The different names for sugar

Different types of sugar including white, brown, cubes and crystallised sugar

We explain more about the different names for sugar that appear on our infographic.

If you see any of these on an ingredients list, be aware that they are all types of sugar, and too much added sugar is bad for your health. 

Agave nectar/Agave syrup

The agave plant grows in the Southern US and South America. It is cut and pressed to extract its sugary fluid, and then refined and processed. This processing produces concentrated sugary syrup, sometimes called agave nectar. Although it’s often claimed to be healthier than traditional sugar, there’s no evidence to back this up.  
Barley malt syrup  Made by cooking barley down to make a sticky syrup. Sometimes used in breakfast cereals, snack bars and sauces. Also called malt syrup.
Beet sugar  Sucrose extracted from sugar beet. The sugar that comes from sugar beet is used widely in baked goods, drinks, cereals, and sweets.
Blackstrap molasses 
See molasses.
Brown rice syrup  Similar to barley malt syrup. Made from wholegrain rice treated with enzymes to break down its natural starch into sugars. Sometimes found in breakfast cereals and snack bars.
Brown sugar 
Brown sugar is sucrose (table sugar) with some molasses included. It may be less refined than regular table sugar, or it may be refined sugar with molasses added in. Either way, it is not any healthier than regular sugar. 
Cane juice  Juice that’s pressed from sugar cane and boiled at a high temperature. It may sometimes be crystallised through evaporation and referred to as evaporated or dehydrated cane juice. However, it’s basically the same as cane sugar, just with some molasses left which give it a darker colour.
Cane sugar 
Sucrose extracted from sugar cane, which usually comes in the form of sugar cubes or granules. 
Caramel
Made by heating sugar. Used as a flavouring or colouring in many different foods, including breakfast cereals. 
Carob syrup
Made using the pods of the carob tree, native to the Middle East. Sometimes used as a sweetener instead of honey. It’s often sold as “natural” or “healthier”, but it’s still mostly sugar. 
Coconut blossom nectar  See coconut sugar.
Coconut sugar 

Made from the sap of coconut palm flowers. It may contain small amounts of minerals but it’s still mostly made up of sucrose, the same substance found in table sugar.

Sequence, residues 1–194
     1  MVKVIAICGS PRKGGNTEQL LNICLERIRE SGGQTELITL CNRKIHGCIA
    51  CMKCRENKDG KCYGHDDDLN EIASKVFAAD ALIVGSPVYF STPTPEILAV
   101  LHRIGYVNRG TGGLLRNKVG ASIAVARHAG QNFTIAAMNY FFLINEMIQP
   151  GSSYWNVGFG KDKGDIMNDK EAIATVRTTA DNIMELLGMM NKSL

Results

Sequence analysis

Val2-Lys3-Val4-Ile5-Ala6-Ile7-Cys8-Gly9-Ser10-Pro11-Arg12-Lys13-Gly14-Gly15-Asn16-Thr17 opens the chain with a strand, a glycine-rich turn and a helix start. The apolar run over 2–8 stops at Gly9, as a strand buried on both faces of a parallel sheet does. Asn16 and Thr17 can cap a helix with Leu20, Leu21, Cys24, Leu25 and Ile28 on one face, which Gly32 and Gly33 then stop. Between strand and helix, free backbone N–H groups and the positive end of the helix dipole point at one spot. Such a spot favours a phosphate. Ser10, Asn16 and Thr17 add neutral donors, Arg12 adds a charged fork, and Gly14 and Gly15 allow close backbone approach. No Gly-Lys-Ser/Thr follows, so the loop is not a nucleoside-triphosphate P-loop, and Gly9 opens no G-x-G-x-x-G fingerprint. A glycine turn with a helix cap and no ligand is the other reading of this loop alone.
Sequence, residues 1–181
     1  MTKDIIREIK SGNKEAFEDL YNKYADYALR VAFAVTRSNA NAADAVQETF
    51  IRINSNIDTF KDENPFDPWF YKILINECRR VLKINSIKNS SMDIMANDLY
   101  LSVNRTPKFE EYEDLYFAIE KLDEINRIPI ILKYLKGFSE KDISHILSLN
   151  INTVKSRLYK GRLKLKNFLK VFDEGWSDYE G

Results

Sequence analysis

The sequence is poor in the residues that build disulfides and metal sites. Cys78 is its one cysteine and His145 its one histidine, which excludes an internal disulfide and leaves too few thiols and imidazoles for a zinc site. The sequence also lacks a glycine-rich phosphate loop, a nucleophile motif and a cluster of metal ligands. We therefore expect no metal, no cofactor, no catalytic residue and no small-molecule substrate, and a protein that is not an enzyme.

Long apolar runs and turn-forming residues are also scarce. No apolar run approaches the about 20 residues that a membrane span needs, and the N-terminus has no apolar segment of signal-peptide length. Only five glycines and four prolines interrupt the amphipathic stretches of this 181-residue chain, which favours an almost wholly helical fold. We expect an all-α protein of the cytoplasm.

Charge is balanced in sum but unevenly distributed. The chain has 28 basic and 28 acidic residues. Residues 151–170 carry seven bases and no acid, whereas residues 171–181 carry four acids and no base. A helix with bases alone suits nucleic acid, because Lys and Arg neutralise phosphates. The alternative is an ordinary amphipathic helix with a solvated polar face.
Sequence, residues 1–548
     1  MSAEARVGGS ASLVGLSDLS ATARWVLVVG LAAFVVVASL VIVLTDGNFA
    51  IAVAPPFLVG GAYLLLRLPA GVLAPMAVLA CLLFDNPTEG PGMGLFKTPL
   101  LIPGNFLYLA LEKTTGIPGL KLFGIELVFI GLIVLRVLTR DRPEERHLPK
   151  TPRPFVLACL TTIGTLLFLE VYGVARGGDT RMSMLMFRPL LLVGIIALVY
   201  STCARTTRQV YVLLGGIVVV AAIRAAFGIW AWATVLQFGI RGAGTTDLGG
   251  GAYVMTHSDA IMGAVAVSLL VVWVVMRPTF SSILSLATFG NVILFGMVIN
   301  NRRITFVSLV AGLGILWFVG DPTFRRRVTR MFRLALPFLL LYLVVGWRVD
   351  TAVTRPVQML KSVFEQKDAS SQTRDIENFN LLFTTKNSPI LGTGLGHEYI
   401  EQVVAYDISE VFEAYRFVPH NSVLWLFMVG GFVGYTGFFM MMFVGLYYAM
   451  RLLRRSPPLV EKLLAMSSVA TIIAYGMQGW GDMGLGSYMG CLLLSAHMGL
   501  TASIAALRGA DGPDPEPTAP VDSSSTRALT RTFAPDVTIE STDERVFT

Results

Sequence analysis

Concentrated apple juice  

See fruit juice concentrate

Corn sugar  Made from the starch extracted from corn kernels, which is refined to create solid sugar or syrup (see corn syrup). 
Corn syrup   Corn syrup is found in lots of processed foods, such as cereal, breads, ready meals, dressings and sauces.  
Crystallised fructose   Made from corn, the crystallised fructose is nearly 100% fructose and 20% sweeter than sugar. Often found in carbonated drinks, sports drinks, flavoured waters, and processed foods.  Sometimes called ‘crystalline’ fructose. 
Dark muscovado sugar  Muscovado sugar is less refined than regular table sugar, but is no healthier. 
Date sugar  Despite being made from dates this still has a high sugar content, so isn’t much healthier than regular table sugar and won’t offer the same health benefits as eating whole dates. Whole dates will be sweet, but a much less concentrated form of sugar as well as being a source of vitamins and minerals and fibre.
Date syrup  See date sugar.
Dextrose  Found in many processed foods, baked goods and desserts and also sold as energy tablets. 
Evaporated/Dehydrated cane juice   See cane juice.
Fructose  Fructose is the sweetest of the naturally occurring sugars. Small amounts in fresh fruit are OK, but when it is extracted and added to foods as a sweetener it’s no better for you than other sugars. 
Fruit juice concentrate  Found added to lots of ‘healthy’ versions of products, like cereal bars and biscuits, this doesn’t have any of the goodness of fresh fruit but it does have a high sugar content.  

Glucose

Added glucose is often found in sauces, salad dressings, energy bars, cereals, cakes and pies, and sugary drinks.